But the cops arrive and Sue gives up ... Matt. Her husband. Wow again. Except Matt still plugs the closet door. By then, though, Gerard had scrambled out the window and fell to his death. That's that. And in the final minutes of this 66-minute movie, Matt and Sue make up. They don’t change but they’re back together. World without end.
One of these days, Alice
Anyway, I loved all this stuff. I loved the meandering nature of the film. I loved that Donald Cook, Cagney’s co-star in “Public Enemy,” is the star of the fictional film they see on their double date, and that Dolan dismisses him with the movie studio comment, “His ears are too big.” I loved the George Raft cameo (Cagney got him the part because he could dance; he'd just arrived in Hollywood) and the Lil Dagover reference (I had to look her up).
I loved the pre-code naughtiness: Loretta Young stripping down to her slip to change into her waitress costume, while Leila Bennett drones on in front of an ALL EMPLOYEES MUST WASH THEIR HANDS sign—meaning those things have been around for at least 90 years. I loved Skeets watching Sue run up the steps of her stoop and saying, almost with a Groucho cadence, “Anyway, she’s got a nice pair of pins.”
Bennett has some of the movie’s best lines:
- I wish I could meet some big Spaniard with a lot of money.
- You know, I'm getting to the point where I ain’t as particular as I used to be. I’ll marry any guy that's got a collar and shirt, and if it comes to a pinch, marry him without the shirt.
- [to Skeets] C’mon, I feel like bein' bored, and you can do the job better than anyone I know.
Watching, I began thinking about the difference between Warner’s big stars of the ’30s and ‘40s: Cagney and Bogie.
Bogart was the toughest guy in the room but a woman could break his heart. Cagney was the toughest guy in the room but a woman could ... nothing. He mostly looked at them with lust; and once they were no longer of use, he’d just as soon mash a grapefruit in their face. The sensation that scene caused in “Public Enemy” meant it had to be repeated throughout his early films. Here, for example, he keeps threatening Loretta Young with a fist under the chin and the line, “If I thought you meant that...” It’s his catchphrase. It’s “One of these days, Alice” 20 years before Gleason. (ADDENDUM after reading “Cagney” by John McCabe: It's also the line his then-dead father used on his mother: “In a love scene with Sue, he repeats his father's trick of placing his left hand around the girl's neck and softly grazing her chin with the right fist, saying, ‘If I thought you meant that—’ Carrie Cagney, seeing the film in a Yorkville theater with her daughter, wept aloud when she saw the scene.”)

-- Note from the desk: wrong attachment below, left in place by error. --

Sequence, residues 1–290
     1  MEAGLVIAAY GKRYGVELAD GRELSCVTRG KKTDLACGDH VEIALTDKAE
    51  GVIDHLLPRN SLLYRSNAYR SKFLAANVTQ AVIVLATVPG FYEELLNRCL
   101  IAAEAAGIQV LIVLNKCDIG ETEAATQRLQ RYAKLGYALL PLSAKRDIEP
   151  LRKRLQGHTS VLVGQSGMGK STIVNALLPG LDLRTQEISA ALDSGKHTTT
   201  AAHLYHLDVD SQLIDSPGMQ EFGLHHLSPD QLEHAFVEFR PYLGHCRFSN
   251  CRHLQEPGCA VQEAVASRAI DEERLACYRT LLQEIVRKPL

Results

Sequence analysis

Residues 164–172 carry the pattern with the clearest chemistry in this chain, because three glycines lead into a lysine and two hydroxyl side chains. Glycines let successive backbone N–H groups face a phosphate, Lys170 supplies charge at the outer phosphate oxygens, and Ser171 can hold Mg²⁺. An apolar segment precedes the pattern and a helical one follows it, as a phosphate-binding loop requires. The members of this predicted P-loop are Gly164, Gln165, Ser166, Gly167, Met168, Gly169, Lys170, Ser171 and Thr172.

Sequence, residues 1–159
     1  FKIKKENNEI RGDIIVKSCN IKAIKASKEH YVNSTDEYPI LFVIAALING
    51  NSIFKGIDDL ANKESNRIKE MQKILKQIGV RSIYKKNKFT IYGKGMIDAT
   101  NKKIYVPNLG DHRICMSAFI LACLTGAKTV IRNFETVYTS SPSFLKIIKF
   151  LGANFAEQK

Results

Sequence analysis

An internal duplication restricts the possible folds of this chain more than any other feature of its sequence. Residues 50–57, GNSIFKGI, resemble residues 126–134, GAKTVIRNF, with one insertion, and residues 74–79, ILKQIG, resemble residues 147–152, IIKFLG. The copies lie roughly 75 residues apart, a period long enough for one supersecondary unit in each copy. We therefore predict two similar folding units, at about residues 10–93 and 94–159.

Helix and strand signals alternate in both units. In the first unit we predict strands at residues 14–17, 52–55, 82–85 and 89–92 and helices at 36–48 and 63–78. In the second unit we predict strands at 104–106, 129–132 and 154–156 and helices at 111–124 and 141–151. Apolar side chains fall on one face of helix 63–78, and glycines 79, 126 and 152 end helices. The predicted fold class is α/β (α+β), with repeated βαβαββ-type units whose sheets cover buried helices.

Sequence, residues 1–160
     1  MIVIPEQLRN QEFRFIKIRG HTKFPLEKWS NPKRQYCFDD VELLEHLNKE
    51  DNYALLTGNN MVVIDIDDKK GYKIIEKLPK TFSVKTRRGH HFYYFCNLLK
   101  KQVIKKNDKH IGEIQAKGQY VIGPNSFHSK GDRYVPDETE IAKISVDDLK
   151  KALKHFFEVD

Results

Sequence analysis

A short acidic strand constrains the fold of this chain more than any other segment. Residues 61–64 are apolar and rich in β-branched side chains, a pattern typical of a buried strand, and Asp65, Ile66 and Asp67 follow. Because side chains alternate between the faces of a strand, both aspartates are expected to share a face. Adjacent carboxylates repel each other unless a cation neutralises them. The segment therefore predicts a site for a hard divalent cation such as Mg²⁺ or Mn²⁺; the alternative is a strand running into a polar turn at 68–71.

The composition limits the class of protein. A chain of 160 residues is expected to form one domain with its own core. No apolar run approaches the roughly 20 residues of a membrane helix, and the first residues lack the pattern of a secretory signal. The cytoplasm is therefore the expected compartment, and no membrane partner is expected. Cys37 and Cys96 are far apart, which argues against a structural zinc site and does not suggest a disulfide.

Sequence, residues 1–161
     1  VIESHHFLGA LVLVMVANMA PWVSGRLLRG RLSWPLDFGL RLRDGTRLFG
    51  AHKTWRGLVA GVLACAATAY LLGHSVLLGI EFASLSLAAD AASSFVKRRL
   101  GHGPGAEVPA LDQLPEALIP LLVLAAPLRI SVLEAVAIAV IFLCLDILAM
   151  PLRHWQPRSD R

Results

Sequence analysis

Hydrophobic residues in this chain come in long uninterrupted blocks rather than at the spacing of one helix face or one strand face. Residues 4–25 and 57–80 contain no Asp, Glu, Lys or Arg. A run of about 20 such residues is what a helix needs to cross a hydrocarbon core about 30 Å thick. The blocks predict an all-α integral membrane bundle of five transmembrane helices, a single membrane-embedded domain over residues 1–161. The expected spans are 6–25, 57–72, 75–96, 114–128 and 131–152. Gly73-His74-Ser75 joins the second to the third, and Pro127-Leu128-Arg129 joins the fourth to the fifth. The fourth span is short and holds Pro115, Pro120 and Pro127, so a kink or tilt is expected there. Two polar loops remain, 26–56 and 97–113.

Directed by Roy Del Ruth, from “The Blind Spot,” a play by Kenyon Nicholson, “Taxi” is raw. They still don’t have this stuff down—they’re just throwing things up and seeing what sticks. I think that’s why I like it so much. It’s Hollywood, and the movies, becoming.
This is the open: Right into it. And look at that theater! According to cinematreasures.org, it was part of a blockwide amusement center in midtown Manhattan created by Oscar Hammerstein in 1895, then broken into parts. Marcus Loew bought two of them and that's this. New movies showed daily, or thrice-weekly, at 10-15 cents a pop, from 1915 to 1935; then it was torn down in favor of a newer theater, the Criterion. Now it's a Gap. That's both fact and metaphor.
Cagney talking Yiddish—half mensch, half gonif.
The girl. She loses a kindly father, gains a quick-tempered husband, counsels peace throughout.
She also loses her clothes periodically. This was before Hollywood had a code. Or before the code had teeth.
Bennett—the Julie Kavner of the 1930s.
The faux film. In a faux theater? Did the Winter Garden ever show movies? Randy?
Cagney loses the dance but wins the fight. “You dirty Raft...”
The ride home. Great shot. Tells its own story.
Getting the marriage license. “We‘re not saying marriage is a prison, but ...”
Wedding night: Enjoying the show at the “Cotton Pickin’ Club” in Harlem.
Was Loretta Young ever lovelier? She needed to play working class more often.
“If I thought you meant that...” It's Cagney's “to the moon, Alice!” Odd seeing today. Cf., Louis CK's riff on “wife beater” T-shirts.
But it all works out in the end.
Kinda. “Honey, I know he killed my father and your brother. But you've got to learn to control that temper!” *FIN*